Steve Smith (smithsg)
Christian Center 11‑‑office hours posted
Work phone 974-1334, home 354‑2290

Religious Studies 2110
Fall Semester  1425 A.H. / 2004 C.E.

Islam is the youngest of the so-called Abrahamic religions (Judaism, Christianity, and Islam) and in important ways is the most modern and universalistic of the three, although you wouldn’t know this from the common Western stereotype of Islam as culturally backward and ethnically rooted.  To appreciate Islam it is necessary to see how, from its point of view, revelations transmitted by Muhammad clarify the basic truth of the faith of Abraham–a truth that may have been somewhat obscured at times by unwarranted special claims made by Jews and Christians–the truth, namely, that the unique holy creator, provider, judge, and redeemer of the world, the one called God, has equipped all human beings for partnership with God and calls them to happiness in that partnership.  Islam proposes a way in which the divine purpose can be fulfilled, an enlightened charter for a universal community of peace and justice.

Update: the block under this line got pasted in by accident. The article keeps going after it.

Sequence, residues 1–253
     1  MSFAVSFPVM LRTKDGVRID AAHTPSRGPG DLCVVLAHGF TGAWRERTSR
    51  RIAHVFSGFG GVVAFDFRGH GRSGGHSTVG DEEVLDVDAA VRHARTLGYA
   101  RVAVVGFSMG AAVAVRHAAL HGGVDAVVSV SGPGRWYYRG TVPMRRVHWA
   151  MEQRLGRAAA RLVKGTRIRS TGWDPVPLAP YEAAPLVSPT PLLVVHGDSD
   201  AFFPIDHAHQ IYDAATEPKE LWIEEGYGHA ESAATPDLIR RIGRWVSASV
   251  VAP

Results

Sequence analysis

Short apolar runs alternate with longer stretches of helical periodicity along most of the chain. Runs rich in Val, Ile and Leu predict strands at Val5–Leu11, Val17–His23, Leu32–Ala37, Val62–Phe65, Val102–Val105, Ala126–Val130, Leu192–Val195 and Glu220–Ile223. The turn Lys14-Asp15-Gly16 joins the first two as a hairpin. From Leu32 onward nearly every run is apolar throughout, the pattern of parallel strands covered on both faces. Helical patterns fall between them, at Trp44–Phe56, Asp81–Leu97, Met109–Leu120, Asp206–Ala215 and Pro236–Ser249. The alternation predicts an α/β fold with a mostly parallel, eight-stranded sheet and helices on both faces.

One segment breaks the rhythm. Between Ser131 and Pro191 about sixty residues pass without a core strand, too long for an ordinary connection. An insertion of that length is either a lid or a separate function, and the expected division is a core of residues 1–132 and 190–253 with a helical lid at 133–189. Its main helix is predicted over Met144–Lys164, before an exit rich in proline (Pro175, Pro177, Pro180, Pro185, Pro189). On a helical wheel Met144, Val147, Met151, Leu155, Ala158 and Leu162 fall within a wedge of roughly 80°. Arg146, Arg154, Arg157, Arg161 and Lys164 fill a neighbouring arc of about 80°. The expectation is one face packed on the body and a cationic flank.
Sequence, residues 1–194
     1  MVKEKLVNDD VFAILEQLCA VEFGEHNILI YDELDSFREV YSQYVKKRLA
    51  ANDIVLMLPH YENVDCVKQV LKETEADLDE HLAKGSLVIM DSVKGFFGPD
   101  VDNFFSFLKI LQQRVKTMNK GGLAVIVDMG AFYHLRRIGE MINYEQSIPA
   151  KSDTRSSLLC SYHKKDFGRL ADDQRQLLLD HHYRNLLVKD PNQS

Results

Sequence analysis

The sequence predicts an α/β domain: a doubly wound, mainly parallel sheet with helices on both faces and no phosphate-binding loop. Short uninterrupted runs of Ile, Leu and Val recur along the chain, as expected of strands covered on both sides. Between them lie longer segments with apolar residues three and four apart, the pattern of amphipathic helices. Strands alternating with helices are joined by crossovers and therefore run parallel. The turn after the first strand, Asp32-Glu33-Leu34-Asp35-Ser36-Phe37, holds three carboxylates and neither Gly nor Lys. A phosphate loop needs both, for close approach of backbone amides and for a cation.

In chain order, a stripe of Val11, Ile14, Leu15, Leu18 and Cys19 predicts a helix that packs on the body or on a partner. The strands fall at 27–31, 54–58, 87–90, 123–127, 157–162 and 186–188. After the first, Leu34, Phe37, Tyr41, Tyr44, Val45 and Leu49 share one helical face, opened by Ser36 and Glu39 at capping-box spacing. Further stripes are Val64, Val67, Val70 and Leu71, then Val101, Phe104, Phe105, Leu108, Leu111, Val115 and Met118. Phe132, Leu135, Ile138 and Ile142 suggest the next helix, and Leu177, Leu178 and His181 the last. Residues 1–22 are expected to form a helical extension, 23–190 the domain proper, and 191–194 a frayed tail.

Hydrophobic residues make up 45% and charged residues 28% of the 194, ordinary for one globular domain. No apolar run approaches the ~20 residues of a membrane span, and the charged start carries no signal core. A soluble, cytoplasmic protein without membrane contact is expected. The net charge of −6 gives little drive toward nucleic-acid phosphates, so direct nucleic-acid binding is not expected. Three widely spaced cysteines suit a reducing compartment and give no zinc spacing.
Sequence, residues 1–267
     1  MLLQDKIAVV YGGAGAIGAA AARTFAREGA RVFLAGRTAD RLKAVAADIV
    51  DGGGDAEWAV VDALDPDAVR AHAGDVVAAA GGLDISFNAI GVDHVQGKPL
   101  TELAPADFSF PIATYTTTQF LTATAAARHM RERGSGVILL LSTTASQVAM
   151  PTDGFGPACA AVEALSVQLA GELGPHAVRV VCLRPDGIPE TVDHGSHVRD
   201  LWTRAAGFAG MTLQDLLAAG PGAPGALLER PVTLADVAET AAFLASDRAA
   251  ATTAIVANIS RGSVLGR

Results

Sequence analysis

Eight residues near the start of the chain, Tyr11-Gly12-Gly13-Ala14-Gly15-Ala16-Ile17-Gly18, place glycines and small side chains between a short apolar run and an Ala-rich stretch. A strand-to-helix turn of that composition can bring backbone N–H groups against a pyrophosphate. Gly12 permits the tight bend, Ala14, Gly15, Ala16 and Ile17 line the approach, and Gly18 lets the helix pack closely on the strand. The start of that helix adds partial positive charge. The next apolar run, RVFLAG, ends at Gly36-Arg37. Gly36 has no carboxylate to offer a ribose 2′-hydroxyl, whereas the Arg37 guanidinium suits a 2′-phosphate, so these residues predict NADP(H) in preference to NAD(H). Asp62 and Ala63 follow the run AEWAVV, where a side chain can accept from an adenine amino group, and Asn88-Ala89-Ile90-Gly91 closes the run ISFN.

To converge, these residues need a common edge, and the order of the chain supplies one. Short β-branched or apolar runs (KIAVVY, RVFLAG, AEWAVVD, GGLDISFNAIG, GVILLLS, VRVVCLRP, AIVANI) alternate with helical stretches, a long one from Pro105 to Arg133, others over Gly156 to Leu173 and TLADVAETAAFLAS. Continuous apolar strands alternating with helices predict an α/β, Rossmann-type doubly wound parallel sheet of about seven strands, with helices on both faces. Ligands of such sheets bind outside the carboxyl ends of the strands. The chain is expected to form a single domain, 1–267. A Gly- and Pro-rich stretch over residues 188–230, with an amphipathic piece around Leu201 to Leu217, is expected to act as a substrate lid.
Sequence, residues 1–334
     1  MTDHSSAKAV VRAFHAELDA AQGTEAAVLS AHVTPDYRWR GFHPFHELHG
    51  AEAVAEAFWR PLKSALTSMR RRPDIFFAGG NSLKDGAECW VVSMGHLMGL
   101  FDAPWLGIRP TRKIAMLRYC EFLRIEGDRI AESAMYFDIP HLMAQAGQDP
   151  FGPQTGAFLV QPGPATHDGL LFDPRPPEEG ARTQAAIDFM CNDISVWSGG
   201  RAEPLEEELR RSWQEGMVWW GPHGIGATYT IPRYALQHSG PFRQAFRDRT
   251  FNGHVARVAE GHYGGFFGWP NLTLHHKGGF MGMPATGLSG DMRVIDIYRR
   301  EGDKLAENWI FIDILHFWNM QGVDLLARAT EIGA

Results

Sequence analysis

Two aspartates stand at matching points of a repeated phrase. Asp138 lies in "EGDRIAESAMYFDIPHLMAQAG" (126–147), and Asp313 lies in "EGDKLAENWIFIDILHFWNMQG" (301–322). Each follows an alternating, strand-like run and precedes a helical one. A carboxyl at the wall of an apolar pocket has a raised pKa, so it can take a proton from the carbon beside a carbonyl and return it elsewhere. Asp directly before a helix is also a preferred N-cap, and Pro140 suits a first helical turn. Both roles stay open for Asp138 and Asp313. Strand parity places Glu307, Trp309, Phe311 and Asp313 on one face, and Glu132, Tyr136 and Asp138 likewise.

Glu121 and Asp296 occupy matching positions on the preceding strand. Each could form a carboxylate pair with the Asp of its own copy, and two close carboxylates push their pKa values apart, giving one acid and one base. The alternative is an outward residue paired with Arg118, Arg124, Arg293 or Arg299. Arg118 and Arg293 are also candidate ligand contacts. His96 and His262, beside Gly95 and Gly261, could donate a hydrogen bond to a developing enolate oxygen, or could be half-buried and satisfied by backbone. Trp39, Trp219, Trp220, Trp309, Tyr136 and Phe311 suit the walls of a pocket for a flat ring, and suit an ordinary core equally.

Like the members of any other living religious body, Muslims massively agree with each other about the basic aim of the faith but disagree in various ways about what exactly the goal looks like and how best to progress toward it.  To appreciate Islam it is necessary to understand what the most important Muslim questions, problems, and debates are.  One important Muslim issue is how to relate to Jews and Christians.

The goals of this course are

  1. To improve our acquaintance with the historical sources and the still-vital content of Muslim faith and practice.
  1. To expand our historical and theological awareness of Abrahamic religion (the Abrahamic “family” encompassing Judaism, Christianity, and Islam).
  1. To strengthen our ability to think and communicate effectively about religion           and religious issues.